Harry Sit, taking a break from the forums.
Re: Myth... Not all mortgage interest is tax deductible!
FinancialDave wrote:I think if you want to decide the worth of your deductions they need to be considered on a Prorated basis, otherwise when new tax laws come out you won't know the value of one deduction over the next.
It seems to me you'd get a fairly clean valuation of your mortgage interest/property tax deduction by calculating the alternative tax situation in which you are not a homeowner. Or by calculating the alternative tax situation in which mortgage interest is not deductible.
Re: Myth... Not all mortgage interest is tax deductible!
tfb wrote:I'm late to the discussion. Actually ALL mortgage interest is tax deductible even if you use the standard deduction. Standard deduction gives you some extra deduction on top of your mortgage interest. The extra deduction amount is variable; it can go to zero if your deductions are already high. People without a mortgage also get a bonus deduction but it doesn't mean you are not getting the tax deduction for your mortgage interest. You get it all the time, plus an extra bonus deduction if you use the standard deduction.
That makes no sense. The fact that the standard deduction may be higher than the mortgage interest doesn't mean that the standard deduction includes the interest! If you didn't have a mortgage at all, you'd still get the standard deduction. Spending $15K on mortgage interest therefore gets you no additional tax benefit.
Re: Myth... Not all mortgage interest is tax deductible!
Tom_T wrote:The fact that the standard deduction may be higher than the mortgage interest doesn't mean that the standard deduction includes the interest!
Why not? Everybody is free to itemize. You choose to use standard deduction only when it gives you a bonus. If you choose to itemize, you get your deduction for the interest. You only give up your bonus.
Harry Sit, taking a break from the forums.
Re: Myth... Not all mortgage interest is tax deductible!
In support of tfb:
Schedule A, line 30
If you couldn't choose to itemize when your itemized is less than your standard, why do they put the box right on the form?
I could tell you why, but perhaps you can read another running thread for a hint.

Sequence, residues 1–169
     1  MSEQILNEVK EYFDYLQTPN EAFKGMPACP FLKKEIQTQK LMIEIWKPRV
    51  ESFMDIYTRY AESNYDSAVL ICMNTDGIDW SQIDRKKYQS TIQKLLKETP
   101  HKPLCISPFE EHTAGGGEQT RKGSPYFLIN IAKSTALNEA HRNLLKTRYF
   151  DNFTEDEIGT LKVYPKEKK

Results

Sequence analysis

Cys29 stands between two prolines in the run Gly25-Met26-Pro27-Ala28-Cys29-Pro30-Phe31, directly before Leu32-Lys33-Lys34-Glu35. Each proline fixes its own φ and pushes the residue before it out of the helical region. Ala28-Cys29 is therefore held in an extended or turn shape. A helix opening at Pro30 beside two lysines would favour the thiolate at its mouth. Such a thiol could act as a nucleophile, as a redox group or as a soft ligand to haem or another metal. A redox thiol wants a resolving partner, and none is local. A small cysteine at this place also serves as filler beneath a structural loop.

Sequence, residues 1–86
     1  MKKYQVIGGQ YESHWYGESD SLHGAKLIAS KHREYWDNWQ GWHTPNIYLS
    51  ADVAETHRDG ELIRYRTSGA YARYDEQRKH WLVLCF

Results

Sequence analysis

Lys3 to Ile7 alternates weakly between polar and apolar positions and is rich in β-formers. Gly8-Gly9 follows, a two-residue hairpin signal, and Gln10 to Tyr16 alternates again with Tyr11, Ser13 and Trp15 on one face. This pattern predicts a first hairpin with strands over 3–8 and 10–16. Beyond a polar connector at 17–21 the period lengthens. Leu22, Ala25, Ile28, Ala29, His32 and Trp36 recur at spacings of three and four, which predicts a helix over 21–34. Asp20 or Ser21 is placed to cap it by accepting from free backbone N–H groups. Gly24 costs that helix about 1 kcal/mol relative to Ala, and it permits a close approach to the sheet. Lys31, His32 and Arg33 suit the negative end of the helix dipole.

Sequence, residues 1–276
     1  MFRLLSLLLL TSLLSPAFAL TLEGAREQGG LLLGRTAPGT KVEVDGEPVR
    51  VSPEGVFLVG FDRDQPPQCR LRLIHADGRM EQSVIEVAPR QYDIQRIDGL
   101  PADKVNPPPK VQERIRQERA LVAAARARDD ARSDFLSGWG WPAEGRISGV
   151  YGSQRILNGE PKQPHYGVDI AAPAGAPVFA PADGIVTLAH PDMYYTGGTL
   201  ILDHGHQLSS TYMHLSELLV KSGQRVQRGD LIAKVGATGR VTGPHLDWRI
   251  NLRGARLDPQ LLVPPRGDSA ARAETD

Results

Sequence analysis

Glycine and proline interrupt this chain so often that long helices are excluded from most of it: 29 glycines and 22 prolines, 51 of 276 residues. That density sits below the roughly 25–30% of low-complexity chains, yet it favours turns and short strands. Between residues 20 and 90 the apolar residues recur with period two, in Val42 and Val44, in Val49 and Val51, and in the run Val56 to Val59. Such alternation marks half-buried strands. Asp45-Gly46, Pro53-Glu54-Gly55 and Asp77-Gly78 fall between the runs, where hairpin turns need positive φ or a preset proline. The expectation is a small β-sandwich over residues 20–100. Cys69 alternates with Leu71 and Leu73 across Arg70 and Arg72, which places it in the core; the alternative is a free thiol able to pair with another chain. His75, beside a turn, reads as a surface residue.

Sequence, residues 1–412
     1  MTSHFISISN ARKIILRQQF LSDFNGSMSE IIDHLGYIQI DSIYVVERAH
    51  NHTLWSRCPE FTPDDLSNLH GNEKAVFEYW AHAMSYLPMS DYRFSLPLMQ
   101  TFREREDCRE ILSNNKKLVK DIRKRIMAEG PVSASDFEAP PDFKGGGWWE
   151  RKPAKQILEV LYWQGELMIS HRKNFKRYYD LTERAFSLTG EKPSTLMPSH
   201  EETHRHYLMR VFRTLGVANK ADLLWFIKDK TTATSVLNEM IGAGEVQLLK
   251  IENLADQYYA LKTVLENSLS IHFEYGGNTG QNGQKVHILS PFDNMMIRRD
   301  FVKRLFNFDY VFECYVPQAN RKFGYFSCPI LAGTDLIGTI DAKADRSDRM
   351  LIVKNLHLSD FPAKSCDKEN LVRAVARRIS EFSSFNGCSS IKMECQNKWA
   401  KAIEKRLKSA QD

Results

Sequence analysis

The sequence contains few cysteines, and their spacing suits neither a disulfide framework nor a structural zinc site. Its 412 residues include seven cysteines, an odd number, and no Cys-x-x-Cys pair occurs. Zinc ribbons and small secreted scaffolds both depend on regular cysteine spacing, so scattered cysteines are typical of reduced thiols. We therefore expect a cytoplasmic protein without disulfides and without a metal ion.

Schedule A, line 30
If you elect to itemize deductions even though they are less than your standard deduction, check here . .
If you couldn't choose to itemize when your itemized is less than your standard, why do they put the box right on the form?
I could tell you why, but perhaps you can read another running thread for a hint.
Re: Myth... Not all mortgage interest is tax deductible!
tfb wrote:Tom_T wrote:The fact that the standard deduction may be higher than the mortgage interest doesn't mean that the standard deduction includes the interest!
Why not? Everybody is free to itemize. You choose to use standard deduction only when it gives you a bonus. If you choose to itemize, you get your deduction for the interest. You only give up your bonus.
Well, let's put it another way. Let's say you are a renter. You normally take the standard deduction.
You decide to buy a house. You spend $x/year on mortgage interest. It's not enough to itemize, so you continue to take the standard deduction. The additional money you are now spending on interest doesn't give you a dime's worth of tax benefit. Are you going to tell me that you consider your interest, your new extra expense, to be deductible?
Re: Myth... Not all mortgage interest is tax deductible!
Tom_T wrote:Well, let's put it another way. Let's say you are a renter. You normally take the standard deduction.
You decide to buy a house. You spend $x/year on mortgage interest. It's not enough to itemize, so you continue to take the standard deduction. The additional money you are now spending on interest doesn't give you a dime's worth of tax benefit. Are you going to tell me that you consider your interest, your new extra expense, to be deductible?